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Seedbed Time Again

Here are some young onion seedlings that are just coming up. The grower had been running irrigation once or twice a day while he was waiting on them to emerge.
This young onion plant was seeded on September 11th. It’s off to a good start. The taproot is just as long or longer than the top.

Yes, another Vidalia Onion growing season has started.  Folks have been busy planting seedbeds for the last 2 or 3 weeks.  We’ve had several hot days during this time, and folks are busy running irrigation to help the seed come up.  It has also been very dry and rain has not been in the forecast for the last few weeks.  At least for onion seedbeds, this may be a good thing since we have not had to worry about packing rains or other bad weather yet.   At the Vidalia Onion and Vegetable Research Center, we have also planted our seedbeds for our onion trials this year.

Here are a few things to watch out for in seedbeds as we start another season:

Mole Crickets – Most everyone is using some type of insecticide on their seedbeds for insect control.  Really, the only options we have for soil insects are Lorsban and Diazinon.  These two usually give us good control, but occasionally we may have to make a repeat application.  Scout your onion seedbeds for mole cricket tunneling.  They can often be seen right after working up a freshly prepared seedbed.

We found some mole cricket damage the day after we seeded our onions. We had incorporated Lorsban the week prior, but apparently there were some escapes. We applied 2 quarts of diazanon the day after seeding for added control.
Here is a mole cricket I found in the onion seedbeds.




Damping- Off – Seedling disease, or Damping -Off, is primarily caused by Pythium and Rhizoctonia pathogens.  According to Dr. Bhabesh Dutta, our Extension Plant Pathologist, most of the damping off you would see in onion seedbeds is caused by Pythium.  This is usually due to cool and/or wet conditions as seeds are germinating and emerging from the soil.  The warm, dry weather we have been experiencing the last couple of weeks is not really conducive for Damping-Off to develop.  However, keep your irrigation practices in mind early on.  I know that many folks have to water twice a day after they plant, in order to keep the tops of the beds moist.  Over-watering could contribute to development of Damping-Off, so just be sure that you are not watering more than you need to or completely saturating your soil.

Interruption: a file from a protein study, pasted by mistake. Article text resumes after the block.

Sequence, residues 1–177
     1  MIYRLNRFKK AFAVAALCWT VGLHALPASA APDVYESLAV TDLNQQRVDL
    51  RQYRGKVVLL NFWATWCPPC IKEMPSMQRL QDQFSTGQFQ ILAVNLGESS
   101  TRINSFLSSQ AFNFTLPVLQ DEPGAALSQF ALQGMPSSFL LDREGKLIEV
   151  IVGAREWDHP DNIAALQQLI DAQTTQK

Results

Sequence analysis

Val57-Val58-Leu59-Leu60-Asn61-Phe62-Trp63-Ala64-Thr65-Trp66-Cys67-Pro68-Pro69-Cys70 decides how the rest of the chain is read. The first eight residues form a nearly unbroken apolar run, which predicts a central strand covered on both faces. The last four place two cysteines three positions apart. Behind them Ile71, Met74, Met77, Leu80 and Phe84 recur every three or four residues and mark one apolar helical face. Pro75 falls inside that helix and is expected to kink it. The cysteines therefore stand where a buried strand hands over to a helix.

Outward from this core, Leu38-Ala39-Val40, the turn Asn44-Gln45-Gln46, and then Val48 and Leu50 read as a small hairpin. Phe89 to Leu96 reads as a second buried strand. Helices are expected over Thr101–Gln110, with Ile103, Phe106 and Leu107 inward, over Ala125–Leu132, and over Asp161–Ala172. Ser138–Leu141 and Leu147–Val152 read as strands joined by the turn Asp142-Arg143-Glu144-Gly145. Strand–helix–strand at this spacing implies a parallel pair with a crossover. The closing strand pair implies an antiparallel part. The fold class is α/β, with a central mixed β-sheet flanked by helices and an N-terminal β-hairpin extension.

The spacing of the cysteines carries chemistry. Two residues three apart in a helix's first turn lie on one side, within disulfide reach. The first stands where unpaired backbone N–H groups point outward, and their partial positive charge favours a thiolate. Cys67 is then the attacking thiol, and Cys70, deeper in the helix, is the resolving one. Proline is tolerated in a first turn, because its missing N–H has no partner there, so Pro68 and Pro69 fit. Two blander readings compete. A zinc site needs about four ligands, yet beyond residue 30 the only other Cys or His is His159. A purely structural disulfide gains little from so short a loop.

If you are concerned about Damping-Off or the weather patterns make a big change, Ridomil Gold SL (active ingredient Mefenoxam) is labeled for this disease.  There are other Ridomil products out there labeled for onions, such as Ridomil Gold Bravo SC (Mefenoxam + chlorothalonil) or Ridomil Gold MZ WG (Mefenoxam + Mancozeb).  However, keep in mind that these formulations are primarily for control of other foliar diseases and do not have enough “Ridomil” (mefenoxam) in the labeled rates to provide the expected control of Damping-Off.

IMPORTANT NOTE: Ridomil Gold SL is only labeled for SOIL applications.  This means that it needs to be applied to the seedbeds before onion emergence.  It is not labeled as a postemergence foliar application.

I have also heard of folks using Captan.  This product was labeled for Damping-Off control years ago, but is no longer labeled for onions.  However, Ridomil is considered a better choice for control anyway.

If necessary to treat for Damping-Off, Ridomil Gold SL at the labeled rates will provide a higher concentration of the active ingredient needed than the other Ridomil products, which are primarily labeled for foliar diseases. Ridomil Gold SL is only labeled as a SOIL application, so it needs to be applied to the seedbeds before onions emerge.



2019-2020 Vidalia Onion Variety Trial

County Extension Agents Jason Edenfield (Toombs County), Ben Reeves (Candler County), and Savannah Tanner (Emanuel County) help to fill the planter up with seed. This year we planted 45 varieties for evaluation.

This year, we received 45 entries into our trial which evaluates yield and flavor characteristics of these onions. We planted our seedbeds on September 16th.  Take a look at the varieties we planted this year from each seed company:

Solar Seed:   Candy Joy, Candy Kim, Candy Ann

Nunhems:     Plethora, Vidora, 2002(white onion), Sofire(red onion), Althea(white grano), Vulkana(yellow globe), Mata Hari(red onion), Dulciana(grano)

Sakata:     Sweet Harvest, Sweet Jasper, SON-109Y

Emerald:     Emy 55126, Emy 55455, Emy 55457

East West Seed:  EWR 1019 “Sabrina”

Hazera:     3662

Bejo:     Macon, Red Hunter(red onion), Red Sensation(red onion), Red Duke(red onion), Alison, Tania, Pirate, J3014, J3009

Seminis:    Sweet Agent, Sweet Azalea, Sweet Magnolia, Century, Granex Yellow PRR,

Wannamaker:     New Frontier, WI-129

Shamrock:     Quick Start, Fast Track, Sweet Emotion

DP Seeds:     Sapelo, 1407, GA Boy, Lucille(red onion)

NT Seeds:     NT-AC0901

Takii:     Superex, Rio Dulce




Denny Thigpen planting Vidalia Onion seed beds.


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